05 August 2017

History for the day: 2002: Divers recover turret of the Monitor

History.com has this for 5 August:

On 5 August 2002, the rusty iron gun turret of the USS Monitor (video, above) broke from the water and into the daylight for the first time in a hundred and forty years. The ironclad was raised from the floor of the Atlantic, where it had rested since it went down in a storm off Cape Hatteras, North Carolina. Divers had been working for six weeks to bring it to the surface.
Nine months before sinking into its watery grave, the Monitor had been part of a revolution in naval warfare. On 9 March 1862, it dueled to a standstill with the CSS Virginia (originally the USS Merrimack) in one of the most famous moments in naval history: the first time two ironclads had faced each other in a naval engagement. During the battle, the two ships circled one another, jockeying for position as they fired their guns. The cannon balls simply deflected off the iron ships. In the early afternoon, the Virginia pulled back to Norfolk, Virginia. Neither ship was seriously damaged, but the Monitor effectively ended the short reign of terror that the Confederate ironclad had brought to the Union navy.
Designed by Swedish engineer John Ericsson, the Monitor had an unusually low profile, rising from the water only eighteen inches. The flat iron deck had a twenty-foot cylindrical turret rising from the middle of the ship; the turret housed two eleven-inch Dahlgren guns. The shift had a draft of less than eleven feet, so it could operate in the shallow harbors and rivers of the South. It was commissioned on 25 February 1862, and arrived in the Chesapeake Bay just in time to engage the Virginia.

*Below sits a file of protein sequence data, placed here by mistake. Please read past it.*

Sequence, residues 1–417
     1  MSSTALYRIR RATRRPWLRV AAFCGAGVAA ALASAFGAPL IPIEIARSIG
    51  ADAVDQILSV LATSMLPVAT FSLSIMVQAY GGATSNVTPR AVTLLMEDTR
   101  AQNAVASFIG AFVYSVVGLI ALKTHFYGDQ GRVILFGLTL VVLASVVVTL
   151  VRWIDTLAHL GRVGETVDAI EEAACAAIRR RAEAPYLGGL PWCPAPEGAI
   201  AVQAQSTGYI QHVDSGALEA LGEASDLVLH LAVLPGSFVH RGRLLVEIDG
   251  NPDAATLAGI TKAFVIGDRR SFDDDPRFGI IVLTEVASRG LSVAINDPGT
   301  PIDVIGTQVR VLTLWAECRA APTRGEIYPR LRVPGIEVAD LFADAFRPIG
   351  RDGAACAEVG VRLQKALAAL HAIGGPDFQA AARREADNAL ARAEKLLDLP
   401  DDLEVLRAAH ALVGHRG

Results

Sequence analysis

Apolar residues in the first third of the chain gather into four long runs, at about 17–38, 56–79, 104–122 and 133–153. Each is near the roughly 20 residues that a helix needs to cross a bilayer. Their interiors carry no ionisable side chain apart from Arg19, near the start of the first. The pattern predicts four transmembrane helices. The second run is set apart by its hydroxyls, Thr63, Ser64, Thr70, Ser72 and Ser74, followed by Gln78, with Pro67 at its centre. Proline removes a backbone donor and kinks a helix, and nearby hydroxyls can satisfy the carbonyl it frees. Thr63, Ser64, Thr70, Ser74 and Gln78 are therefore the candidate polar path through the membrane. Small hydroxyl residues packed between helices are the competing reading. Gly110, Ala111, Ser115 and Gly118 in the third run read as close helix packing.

After the famous duel, the Monitor provided gun support on the James River for George B. McClellan’s Peninsular Campaign. By December of 1862, it was clear the ship was no longer needed in Virginia, so she was sent to Beaufort, North Carolina, to join a fleet being assembled for an attack on Charleston, South Carolina. The Monitor served well in the sheltered waters of the Chesapeake, but the heavy, low-slung ship was a poor craft for the open sea. The USS Rhode Island towed the ironclad around the rough waters of Cape Hatteras. As the Monitor pitched and swayed in the rough seas, the caulking around the gun turret loosened and water began to leak into the hull. More leaks developed as the journey continued. High seas tossed the craft, causing the ship’s flat armor bottom to slap the water. Each roll opened more seams and, by nightfall on 30 December, the Monitor was in dire straits.
That evening, the Monitor’s commander, J.P. Bankhead, signaled the Rhode Island that he wished to abandon ship. The wooden side-wheeler pulled as close as safety allowed to the stricken ironclad, and two lifeboats were lowered to retrieve the crew. Many of the sailors were rescued, but some men were terrified to venture onto the deck in such rough seas. The ironclad’s pumps stopped working, and the ship sank before sixteen of its crew members could be rescued. The remains of two of these sailors were discovered by divers during the Monitor’s 2002 reemergence. Many of the ironclad’s artifacts are now on display at the Mariners’ Museum in Newport News, Virginia.

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